Our lead out train failed...how can we do better?

One of the local teams decided to host a virtual race via Strava segments, and we decided to head out to one to lead out our team captain and another friend. Pretty sure we failed hard at this, any other suggestions how we can do better next time?

I’m no expert, but my group has gone after a few similar strava koms with some success, and I tend spend an unhealthy amount of time thinking about them so I’ll throw out my opinion here. Fair warning, I claim no expertise. That said, here is our general strategy…

  1. You MUST have a plan and everyone must be on board with it. Figure out rotations and do everything in your power to stick to it. Just one screw up is usually enough to cost you the KOM if it’s reasonably competitive.
  2. If your plan was followed but failed, pick a new plan and start again at (1).

Now, for your specific route and team, you have to figure out your strengths. Not knowing your team’s fitness, here is what I would have started with…

  1. Figure out your estimated finish time. I would guess 6 minutes seems reasonable for a segment like this, but use fitness as your guide. Let’s work with 6 minutes here.
  2. You have 6 people in your group. From this, I’d figure out pull duration. If everyone is roughly the same level, everyone can pull about the same length of time. That’s 1 minute per person.
  3. Now you can decide if you want to go with the “rocket ship” approach, where everyone pulls and just drops off, or if people will get multiple pulls.
  4. In my experience, 1 minute pulls are a bit long for a short effort like this. I’d drop it down to 30s per pull.
  5. From here, you can implement rocket ship approach on the second pull. So everyone gives it their all on the second and falls off, leaving your finisher to go in solo on their turn.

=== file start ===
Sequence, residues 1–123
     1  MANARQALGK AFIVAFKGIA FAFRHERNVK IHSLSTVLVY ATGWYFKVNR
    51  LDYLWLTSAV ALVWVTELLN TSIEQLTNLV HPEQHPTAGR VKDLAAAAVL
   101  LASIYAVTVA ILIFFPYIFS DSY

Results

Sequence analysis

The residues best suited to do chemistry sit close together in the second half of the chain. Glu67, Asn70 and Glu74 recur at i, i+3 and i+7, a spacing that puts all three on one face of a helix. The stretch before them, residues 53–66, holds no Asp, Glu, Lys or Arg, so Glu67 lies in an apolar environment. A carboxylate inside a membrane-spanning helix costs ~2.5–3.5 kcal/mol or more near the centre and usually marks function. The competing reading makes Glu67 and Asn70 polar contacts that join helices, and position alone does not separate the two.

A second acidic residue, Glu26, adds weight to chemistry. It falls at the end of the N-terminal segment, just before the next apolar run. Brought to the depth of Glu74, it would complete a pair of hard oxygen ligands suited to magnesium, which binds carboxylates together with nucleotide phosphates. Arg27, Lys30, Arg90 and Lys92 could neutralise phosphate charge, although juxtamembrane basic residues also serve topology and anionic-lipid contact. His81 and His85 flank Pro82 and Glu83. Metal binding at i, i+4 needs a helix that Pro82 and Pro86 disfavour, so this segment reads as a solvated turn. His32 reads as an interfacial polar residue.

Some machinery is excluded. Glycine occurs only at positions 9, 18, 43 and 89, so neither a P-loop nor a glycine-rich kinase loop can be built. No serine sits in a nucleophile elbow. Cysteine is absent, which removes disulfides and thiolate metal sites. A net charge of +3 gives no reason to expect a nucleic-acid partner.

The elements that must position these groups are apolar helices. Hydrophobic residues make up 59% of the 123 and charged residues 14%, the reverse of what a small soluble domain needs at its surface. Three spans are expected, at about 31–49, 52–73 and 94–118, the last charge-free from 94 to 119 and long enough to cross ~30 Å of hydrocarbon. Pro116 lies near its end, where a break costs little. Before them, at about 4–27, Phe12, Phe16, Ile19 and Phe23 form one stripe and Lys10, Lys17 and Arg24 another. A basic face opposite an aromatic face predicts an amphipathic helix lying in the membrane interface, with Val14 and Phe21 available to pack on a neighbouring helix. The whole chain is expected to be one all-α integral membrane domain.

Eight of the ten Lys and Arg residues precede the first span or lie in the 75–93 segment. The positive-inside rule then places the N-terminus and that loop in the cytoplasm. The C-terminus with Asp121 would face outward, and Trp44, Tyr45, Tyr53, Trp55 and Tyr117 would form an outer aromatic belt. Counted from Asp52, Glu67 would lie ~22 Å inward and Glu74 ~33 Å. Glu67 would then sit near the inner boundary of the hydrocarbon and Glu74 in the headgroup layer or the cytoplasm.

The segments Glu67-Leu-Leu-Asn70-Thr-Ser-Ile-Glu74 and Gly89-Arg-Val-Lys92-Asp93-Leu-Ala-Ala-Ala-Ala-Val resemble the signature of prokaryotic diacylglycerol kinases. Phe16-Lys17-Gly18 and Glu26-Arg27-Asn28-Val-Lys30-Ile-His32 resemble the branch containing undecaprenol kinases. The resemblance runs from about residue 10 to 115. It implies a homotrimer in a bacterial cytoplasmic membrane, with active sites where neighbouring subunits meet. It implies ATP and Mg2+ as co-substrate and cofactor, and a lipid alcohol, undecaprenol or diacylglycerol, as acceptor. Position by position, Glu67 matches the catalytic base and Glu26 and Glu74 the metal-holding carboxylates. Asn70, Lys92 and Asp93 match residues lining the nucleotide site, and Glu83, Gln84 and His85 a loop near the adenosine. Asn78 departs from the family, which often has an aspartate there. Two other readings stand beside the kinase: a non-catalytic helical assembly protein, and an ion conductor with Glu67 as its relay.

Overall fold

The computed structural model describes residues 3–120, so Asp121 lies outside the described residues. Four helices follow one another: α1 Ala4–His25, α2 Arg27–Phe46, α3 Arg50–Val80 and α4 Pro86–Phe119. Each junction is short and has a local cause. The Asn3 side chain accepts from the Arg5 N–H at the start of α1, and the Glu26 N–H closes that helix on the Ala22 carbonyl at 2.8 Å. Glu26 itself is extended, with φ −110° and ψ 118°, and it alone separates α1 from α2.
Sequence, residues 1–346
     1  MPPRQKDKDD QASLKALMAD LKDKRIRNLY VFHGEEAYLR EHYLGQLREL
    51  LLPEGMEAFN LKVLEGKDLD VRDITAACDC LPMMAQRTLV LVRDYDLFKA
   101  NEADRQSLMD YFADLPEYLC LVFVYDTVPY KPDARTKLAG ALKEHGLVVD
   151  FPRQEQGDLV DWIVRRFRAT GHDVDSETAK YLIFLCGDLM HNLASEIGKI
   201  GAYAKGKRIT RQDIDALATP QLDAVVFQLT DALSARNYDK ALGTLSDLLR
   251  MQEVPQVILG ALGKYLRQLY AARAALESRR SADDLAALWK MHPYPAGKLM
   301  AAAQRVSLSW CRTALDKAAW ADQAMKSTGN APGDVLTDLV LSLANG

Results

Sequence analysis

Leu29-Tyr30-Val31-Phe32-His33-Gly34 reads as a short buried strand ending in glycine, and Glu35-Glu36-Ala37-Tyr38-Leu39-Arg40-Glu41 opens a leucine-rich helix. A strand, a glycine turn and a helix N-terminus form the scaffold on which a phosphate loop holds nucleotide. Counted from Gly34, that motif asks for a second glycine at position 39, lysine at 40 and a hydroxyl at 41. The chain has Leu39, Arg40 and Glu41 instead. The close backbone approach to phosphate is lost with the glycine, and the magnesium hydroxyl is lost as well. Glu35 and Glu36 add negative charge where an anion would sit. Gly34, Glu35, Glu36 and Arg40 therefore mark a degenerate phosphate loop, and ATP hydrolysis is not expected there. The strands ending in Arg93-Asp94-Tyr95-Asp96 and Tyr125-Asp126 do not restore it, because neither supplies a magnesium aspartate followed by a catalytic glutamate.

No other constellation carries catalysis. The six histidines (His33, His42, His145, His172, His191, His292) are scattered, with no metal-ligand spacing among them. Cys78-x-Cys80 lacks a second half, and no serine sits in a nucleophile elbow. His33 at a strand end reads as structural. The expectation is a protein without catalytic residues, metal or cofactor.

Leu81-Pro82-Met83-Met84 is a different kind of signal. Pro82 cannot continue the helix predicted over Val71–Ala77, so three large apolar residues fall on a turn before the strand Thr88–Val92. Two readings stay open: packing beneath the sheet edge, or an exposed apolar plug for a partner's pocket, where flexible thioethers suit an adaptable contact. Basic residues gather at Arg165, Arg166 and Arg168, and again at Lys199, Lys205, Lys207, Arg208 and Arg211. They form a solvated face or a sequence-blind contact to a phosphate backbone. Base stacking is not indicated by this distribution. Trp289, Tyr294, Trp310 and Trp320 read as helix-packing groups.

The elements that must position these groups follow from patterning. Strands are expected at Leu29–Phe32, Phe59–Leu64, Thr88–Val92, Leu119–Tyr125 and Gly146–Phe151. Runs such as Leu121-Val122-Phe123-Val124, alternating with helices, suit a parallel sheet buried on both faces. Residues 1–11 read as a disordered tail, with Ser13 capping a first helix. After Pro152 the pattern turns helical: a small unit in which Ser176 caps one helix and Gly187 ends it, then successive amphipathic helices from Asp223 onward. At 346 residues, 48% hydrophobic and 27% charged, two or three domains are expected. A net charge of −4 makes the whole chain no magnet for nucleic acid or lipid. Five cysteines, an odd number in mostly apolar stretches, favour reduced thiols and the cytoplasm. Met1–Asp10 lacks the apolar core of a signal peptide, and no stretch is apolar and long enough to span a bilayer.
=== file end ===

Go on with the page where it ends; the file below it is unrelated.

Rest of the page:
That would be my starting template for your team. Getting everyone to buy in to your plan is most important though. Tuning the plan comes second.

When it comes to tuning the plan, you have a few details to consider…

  1. Your strongest rider is likely going to be your finisher. They’ll be riding longest and if your team is going at a good effort, it isn’t a free ride in the draft. It’s easier, but not easy. Your finisher needs to be able to finish strong.
  2. With that in mind, you should try to order your team from weakest to strongest. The front rider doesn’t have to ride as long as they drop off first. If you have weaker riders further back in the rotation, you can expect to have some issues holding speed on that second pull.
  3. Terrain matters. In your case, it was fairly flat, but consider trying to line up pulls with the terrain. For example, maybe you have a rider that isn’t putting out crazy watts, but is smaller and faster up hills. That rider may be better suited to pull the squad up a rise and it’ll keep the speed higher without burning a match of a heavier but higher wattage rider.

One little Strava specific nugget to consider. You always want to hit the segment start at full speed, and most strava segments allow this if you route it correctly. So that changes up your rotation and expected time. In your case, you have to be organized a fair bit before the segment begins, and in your plan consider that you’re now racing for 6:30 instead of just 6 minutes, so you likely have another pull in there. Plan accordingly!


wow cujo, thanks so much for the in-depth information! gonna share this with my buddies so we can do better next time! :muscle: :muscle:

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